Sometime after 1901 and before the 1911 census, the family had moved to 54 Royal Parade in Eastbourne and had two servants, a cook and a housemaid. This must have been quite a large house as it had 9 rooms. Subsequently, and certainly by the time her husband died in 1926, they had moved to somewhere called 'Kenmore' at 36 Upper Avenue in Eastbourne. The properties in the photo below are in Upper Avenue which is about 10 minutes from the sea, so one of them could be the "small detached villa" referred to in the advert above.
But what was Eastbourne like at that time and what was Louisa like as a person ? Normally these are questions usually left to the imagination but luckily my uncle wrote an unpublished autobiography and provided us with an answer to both questions.
He said that although nobody enjoyed the experience much, they took nearly all their summer holidays during the 1920s in "that most depressing of south coast watering places". He said his mother only organised these Eastbourne visits as she felt the family ought to have a seaside holiday and this was the cheapest way to have one. She "abhorred the town, hated the house and disliked her mother-in-law, so a fair measure of gloom was cast over these pilgrimages from the word go".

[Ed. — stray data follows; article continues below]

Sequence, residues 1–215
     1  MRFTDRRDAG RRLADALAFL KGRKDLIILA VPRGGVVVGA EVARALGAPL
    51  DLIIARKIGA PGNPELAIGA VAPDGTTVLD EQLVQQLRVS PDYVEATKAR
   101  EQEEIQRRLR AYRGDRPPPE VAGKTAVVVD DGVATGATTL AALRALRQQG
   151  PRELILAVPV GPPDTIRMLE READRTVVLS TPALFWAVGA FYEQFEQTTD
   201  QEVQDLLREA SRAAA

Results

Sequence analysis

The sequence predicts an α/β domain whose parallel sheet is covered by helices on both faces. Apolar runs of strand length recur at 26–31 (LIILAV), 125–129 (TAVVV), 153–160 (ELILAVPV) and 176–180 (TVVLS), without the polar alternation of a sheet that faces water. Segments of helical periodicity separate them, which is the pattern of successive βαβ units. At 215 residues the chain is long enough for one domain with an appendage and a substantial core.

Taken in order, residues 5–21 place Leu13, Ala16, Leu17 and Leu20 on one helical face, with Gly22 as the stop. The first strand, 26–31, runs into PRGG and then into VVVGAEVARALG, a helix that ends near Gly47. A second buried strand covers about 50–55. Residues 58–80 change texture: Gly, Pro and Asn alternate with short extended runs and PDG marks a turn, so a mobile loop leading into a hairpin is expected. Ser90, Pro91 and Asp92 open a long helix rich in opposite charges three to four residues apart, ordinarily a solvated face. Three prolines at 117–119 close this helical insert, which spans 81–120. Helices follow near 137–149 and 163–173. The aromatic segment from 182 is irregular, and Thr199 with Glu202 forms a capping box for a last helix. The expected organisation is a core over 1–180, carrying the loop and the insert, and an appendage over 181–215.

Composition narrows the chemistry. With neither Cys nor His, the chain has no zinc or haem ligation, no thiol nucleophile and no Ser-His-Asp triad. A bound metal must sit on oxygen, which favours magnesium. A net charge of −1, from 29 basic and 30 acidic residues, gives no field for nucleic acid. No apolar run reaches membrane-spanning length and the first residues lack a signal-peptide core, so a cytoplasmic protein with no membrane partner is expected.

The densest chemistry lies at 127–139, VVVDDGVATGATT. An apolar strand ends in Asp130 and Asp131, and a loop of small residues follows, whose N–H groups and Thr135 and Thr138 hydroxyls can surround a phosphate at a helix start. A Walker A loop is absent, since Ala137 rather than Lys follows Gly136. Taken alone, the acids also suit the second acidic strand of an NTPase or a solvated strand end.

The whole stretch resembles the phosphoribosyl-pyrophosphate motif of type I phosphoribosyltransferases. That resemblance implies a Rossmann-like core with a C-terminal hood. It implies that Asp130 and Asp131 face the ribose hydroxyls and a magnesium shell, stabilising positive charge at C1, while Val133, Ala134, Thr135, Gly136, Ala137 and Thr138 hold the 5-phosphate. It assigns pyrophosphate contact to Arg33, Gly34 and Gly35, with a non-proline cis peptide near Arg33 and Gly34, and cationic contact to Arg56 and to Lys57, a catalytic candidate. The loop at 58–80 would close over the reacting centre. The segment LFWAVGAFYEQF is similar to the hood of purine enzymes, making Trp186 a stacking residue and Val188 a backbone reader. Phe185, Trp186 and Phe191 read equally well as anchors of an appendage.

He explained that after Louisa became widowed in 1926 she continued to live "in the ugly, uncomfortable, double-fronted late Victorian house, in which the kitchen arrangements were a monument to misapplied ingenuity in their inconvenience". Do you get the feeling he didn't think much of the place ?
He describes her as "short, plump and diffident. I remember her as a rather vague, indecisive old lady who put me in mind of the White Queen. She had had a slight stroke which left her a little lame and it affected her speech to the extent that her carefully acquired aitches were apt to slip to her great embarrassment. I never understood my mother’s dislike of her inoffensive mother-in-law which she did little to hide".